Many of the countries offer samplings of their art and history from the aforementioned Tomb Warriors of China; to Morocco's Gallery of Arts and History with its display of the science, music and technology of that country; to Germany's Oktoberfest with its yodelers, dancers and a few jolly musicians in lederhosen. I could go on.


Morocco. Photo by Steve Russo.

Reason #7 – It's filtered

I mentioned I have done a bit of international travel, and as with all travel, you have to take the good with the bad. Every area has its seedier side—the part of town to avoid. In some cases, you'll only discover it accidentally and, trust me, that's not much fun. At World Showcase, we're presented with only the good, the wholesome, and the photogenic aspects of foreign lands. While some would call that artificial, I maintain it's the part I want to see.


Canada. Photo by Steve Russo.

Reason #8 – Variety

You may have visited our neighbors to the north (Canada) and south (Mexico). You might have taken a wonderful trip to Europe and visited France and Italy… or the United Kingdom. But how many of us have the resources and time to have visited all of the nations represented in World Showcase? Admittedly, it's a mere snippet of the culture but World Showcase offers that sampling opportunity for a fraction of the cost—in time and dollars.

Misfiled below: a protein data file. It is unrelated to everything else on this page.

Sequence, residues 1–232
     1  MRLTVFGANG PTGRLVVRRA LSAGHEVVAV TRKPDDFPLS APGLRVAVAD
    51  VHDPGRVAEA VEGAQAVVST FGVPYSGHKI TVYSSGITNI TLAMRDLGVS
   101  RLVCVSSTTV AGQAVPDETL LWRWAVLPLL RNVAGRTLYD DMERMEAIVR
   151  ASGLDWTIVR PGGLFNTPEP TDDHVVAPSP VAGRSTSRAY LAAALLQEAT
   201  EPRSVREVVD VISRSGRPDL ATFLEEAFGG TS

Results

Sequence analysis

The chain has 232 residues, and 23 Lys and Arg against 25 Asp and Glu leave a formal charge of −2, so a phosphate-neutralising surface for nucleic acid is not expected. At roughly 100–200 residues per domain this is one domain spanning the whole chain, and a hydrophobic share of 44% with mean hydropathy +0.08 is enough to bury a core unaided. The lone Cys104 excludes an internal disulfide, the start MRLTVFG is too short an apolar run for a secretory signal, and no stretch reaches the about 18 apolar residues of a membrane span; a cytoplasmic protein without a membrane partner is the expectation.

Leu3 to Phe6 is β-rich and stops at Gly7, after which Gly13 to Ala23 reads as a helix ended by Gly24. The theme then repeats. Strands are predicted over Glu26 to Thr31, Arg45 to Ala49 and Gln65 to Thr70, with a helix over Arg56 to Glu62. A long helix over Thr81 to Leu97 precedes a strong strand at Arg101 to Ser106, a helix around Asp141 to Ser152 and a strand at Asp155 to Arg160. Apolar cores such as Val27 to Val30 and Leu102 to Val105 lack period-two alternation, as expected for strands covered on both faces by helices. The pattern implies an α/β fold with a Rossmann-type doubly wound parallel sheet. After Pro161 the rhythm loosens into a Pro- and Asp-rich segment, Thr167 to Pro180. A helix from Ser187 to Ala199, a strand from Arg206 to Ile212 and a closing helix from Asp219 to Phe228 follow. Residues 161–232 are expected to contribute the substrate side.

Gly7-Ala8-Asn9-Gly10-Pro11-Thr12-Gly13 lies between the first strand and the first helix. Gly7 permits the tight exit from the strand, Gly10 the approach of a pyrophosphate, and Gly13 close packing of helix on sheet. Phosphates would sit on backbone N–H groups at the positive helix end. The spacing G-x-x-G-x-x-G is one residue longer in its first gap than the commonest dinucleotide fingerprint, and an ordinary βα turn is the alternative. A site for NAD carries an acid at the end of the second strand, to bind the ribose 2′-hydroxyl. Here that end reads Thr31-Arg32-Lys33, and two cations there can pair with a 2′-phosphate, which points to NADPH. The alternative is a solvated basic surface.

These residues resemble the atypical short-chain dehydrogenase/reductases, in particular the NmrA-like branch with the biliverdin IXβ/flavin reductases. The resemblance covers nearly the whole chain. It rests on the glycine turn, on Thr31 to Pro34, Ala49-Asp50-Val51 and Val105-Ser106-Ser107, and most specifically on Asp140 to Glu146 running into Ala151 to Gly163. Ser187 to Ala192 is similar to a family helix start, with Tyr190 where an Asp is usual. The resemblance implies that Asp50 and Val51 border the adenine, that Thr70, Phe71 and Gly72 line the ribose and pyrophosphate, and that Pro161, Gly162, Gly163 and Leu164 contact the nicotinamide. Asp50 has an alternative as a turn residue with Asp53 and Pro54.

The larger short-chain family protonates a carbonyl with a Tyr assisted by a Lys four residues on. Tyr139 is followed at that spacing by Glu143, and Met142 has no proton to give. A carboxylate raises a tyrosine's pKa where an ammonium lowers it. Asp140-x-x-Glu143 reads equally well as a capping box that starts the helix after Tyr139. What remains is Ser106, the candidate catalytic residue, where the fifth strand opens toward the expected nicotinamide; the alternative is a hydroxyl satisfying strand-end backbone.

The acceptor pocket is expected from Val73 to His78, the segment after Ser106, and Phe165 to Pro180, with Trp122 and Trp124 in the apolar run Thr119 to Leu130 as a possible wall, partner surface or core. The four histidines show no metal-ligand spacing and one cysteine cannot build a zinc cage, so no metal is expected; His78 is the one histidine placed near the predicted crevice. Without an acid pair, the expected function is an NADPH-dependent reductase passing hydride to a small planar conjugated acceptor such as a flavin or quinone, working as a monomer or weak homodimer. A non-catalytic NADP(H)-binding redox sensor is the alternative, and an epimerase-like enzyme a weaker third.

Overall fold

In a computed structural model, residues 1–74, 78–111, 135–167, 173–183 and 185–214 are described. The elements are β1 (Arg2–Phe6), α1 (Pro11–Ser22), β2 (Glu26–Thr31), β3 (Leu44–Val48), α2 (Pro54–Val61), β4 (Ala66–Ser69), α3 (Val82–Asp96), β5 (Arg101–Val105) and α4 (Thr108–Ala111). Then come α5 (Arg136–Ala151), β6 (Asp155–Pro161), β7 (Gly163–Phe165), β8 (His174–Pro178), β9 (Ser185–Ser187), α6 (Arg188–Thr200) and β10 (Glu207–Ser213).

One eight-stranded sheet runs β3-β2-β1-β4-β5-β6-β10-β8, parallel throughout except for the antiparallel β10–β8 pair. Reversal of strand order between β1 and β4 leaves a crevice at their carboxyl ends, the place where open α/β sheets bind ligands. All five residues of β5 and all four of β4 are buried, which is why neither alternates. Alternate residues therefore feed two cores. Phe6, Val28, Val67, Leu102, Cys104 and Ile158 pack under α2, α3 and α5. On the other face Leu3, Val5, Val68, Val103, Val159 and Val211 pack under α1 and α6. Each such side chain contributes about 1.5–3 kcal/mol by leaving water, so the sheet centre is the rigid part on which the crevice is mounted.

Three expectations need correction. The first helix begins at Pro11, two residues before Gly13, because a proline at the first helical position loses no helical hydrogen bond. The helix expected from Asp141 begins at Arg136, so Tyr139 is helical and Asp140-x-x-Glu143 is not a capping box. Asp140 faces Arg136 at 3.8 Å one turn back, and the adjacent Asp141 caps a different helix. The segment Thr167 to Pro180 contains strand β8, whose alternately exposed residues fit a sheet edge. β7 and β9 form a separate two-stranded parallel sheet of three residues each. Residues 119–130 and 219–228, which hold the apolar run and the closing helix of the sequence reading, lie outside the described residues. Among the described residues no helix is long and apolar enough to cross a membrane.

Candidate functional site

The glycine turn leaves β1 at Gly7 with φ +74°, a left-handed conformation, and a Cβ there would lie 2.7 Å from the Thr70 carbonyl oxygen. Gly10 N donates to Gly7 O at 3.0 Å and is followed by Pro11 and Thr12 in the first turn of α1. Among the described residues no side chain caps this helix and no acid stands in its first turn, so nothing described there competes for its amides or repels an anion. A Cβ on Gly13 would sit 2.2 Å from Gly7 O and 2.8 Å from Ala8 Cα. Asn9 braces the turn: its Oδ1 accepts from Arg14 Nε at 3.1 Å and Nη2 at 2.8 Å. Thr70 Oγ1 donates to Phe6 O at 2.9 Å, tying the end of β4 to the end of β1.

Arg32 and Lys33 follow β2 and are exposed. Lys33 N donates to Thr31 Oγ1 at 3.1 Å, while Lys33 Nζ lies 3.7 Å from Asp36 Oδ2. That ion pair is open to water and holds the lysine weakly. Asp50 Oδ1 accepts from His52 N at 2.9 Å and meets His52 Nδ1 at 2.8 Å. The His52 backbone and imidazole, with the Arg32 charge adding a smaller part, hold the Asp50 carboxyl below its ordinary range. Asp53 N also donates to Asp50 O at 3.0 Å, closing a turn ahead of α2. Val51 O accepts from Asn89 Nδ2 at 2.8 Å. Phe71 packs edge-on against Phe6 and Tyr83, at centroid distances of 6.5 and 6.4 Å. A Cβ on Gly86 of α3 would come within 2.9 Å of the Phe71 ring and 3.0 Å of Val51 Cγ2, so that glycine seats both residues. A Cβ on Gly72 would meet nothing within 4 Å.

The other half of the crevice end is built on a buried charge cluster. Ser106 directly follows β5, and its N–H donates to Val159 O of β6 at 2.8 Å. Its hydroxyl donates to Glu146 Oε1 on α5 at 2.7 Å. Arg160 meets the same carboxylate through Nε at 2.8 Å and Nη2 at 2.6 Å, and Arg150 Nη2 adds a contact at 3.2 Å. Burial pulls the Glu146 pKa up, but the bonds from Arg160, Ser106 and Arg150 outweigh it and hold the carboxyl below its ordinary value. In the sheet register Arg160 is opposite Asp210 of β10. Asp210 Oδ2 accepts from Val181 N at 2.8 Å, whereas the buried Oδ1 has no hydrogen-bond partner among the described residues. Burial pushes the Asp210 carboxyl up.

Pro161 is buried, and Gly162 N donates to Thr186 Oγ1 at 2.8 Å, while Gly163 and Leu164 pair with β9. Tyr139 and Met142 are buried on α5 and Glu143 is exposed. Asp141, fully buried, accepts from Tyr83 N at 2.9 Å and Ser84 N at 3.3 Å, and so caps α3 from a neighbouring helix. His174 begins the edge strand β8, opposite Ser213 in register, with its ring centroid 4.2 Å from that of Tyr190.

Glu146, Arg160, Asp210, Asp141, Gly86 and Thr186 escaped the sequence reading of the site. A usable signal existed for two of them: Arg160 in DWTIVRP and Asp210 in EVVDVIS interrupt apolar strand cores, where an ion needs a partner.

Japan. Photo by Steve Russo.

Reason #9 – Shopping

Yes, I'm the person that rants whenever Disney announces new "shopping opportunities" at the World. I can't swing a 9-iron at Disney World without knocking six Stitch plushes off a shelf (say that five times fast). However, I do believe World Showcase is a bit different.

Sure, I can buy Twining's Tea in my local market and I could probably find a sombrero and a Beatles T-shirt on Amazon but there's so much more in World Showcase's shops. Each pavilion sports its own stores and offers merchandise specific to that country. I would venture that many items are so unique that you couldn't find them in your home city (unless, of course, you live in Tangier).


Italy. Photo by Steve Russo.